As Editor in Chief of American Salon, Kelley Donahue reports on all aspects of the professional beauty industry, including salon business-building strategies, seasonal hair and fashion trends, salon services and techniques, and timely issues impacting manufacturers, schools, salons and distributor principals. In addition to conducting photo shoots--one of which was the recipient of an ABBIES Award for Best Magazine Cover--Donahue also travels extensively throughout the U.S. and abroad, sourcing out new trends and representing American Salon at major industry functions and educational events.
Paul Gooch Works Hair Magic in Disney's Alice In Wonderland
Paul Gooch—one of the most gifted hairdressers working in films today was Director Tim Burton's go-to guy for creating the fantasy hair creations in Disney's remake of Alice In Wonderland. Here, he reveals all that was involved in getting the hair just right so the trip down the rabbit hole is indeed memorable.
Q: Did you look to the original book for inspiration in creating the hair and makeup or did you want to create something entirely fresh and unique?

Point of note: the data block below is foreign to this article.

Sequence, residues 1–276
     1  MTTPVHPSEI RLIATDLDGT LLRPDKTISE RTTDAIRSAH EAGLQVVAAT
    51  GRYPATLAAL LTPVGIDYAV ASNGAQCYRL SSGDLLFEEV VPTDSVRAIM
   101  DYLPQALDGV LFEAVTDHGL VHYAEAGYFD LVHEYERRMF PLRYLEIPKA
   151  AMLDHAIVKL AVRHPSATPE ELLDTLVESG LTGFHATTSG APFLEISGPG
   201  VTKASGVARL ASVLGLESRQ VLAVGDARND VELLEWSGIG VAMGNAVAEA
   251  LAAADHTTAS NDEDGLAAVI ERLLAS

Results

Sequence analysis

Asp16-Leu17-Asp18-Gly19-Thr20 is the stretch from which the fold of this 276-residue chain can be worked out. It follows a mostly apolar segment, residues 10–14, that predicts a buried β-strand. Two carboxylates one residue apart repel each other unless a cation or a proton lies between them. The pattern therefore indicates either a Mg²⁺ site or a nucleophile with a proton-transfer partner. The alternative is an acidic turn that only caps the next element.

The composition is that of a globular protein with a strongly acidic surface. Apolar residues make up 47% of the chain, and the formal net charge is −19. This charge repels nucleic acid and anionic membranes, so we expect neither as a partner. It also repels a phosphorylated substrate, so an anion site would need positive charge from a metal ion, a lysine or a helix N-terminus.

A: Because Tim Burton has his own particular style, I did not refer to the book illustrations but went for a completely new interpretation with the hair. Inventing a style is a collaborative process. Tim provided some sketches for some of the characters and they evolve from there after input from myself and the actor who's wearing the style. For instance, for the Red Queen (Helena Bonham Carter), I arrived at the red heart design by experimenting with shapes and sizes and colors until Tim was happy. It needed to be comfortable for Helena to wear throughout the long shoot day so its bulk was created using a plastic mesh, similar to the material used for pan scrubbers, which is bulky but light. Her crown was mounted on two-inch legs so that it would rise above the huge hairstyle. If it had been attached directly to her head it would have disappeared into the hairstyle. A bald cap was used to achieve the Red Queen's high forehead and accentuate the heart-shaped hair line. The White Queen needed to be the polar opposite of the Red Queen so Tim wanted her to have white hair. Since Anne Hathaway has dark brown hair I first applied a bald cap skin to simulate her scalp before placing the wig on top on it. We also experimented with a more rock and roll style for her but Tim preferred the more ‘pure’ look she has for the film. For Lord Steyne (Crispin Glover), I tested the same red hair as the Red Queen sports, but opted for black hair because it made him look more menacing and gave him more gravitas. Alice, played by Mia Wasikowska, was originally going to wear a wig since her own hair is mid-brown and bone straight. But as we got closer to the start of filming, she requested that we try to use her own hair. She graciously underwent endless haircoloring and tonging sessions to achieve the exact style that Tim wanted. For her look in the dragon fighting sequence at the end of the film, I added wefts to her hair to create a "heroic" look. Because of their sheer numbers— perhaps the biggest hair challenge came from the courtiers for both the Red and White Queens' Courts. We had 120 characters to create—each with a unique hairstyle and facial prosthetics. The Red Queen’s courtiers had to have dark hair and large, odd-shaped hairstyles. The Red Queen’s oversized head is a big part of the story. To make her feel more normal, her courtiers, in an attempt to ingratiate themselves, wear huge hairstyles and big false noses, ears, chins, etc. For the White Queen Court, we went for a far more ethereal look. Tim wanted these people to all have white hair. Trying to source this number of white wigs was no easy task but I managed to track down a theatre designer in West London who had a garage full of them. Turns out, it was old stock from the Beauty and the Beast theatre show. I loosely based these hair shapes on the 17th century and restoration period, incorporating a twist of fantasy.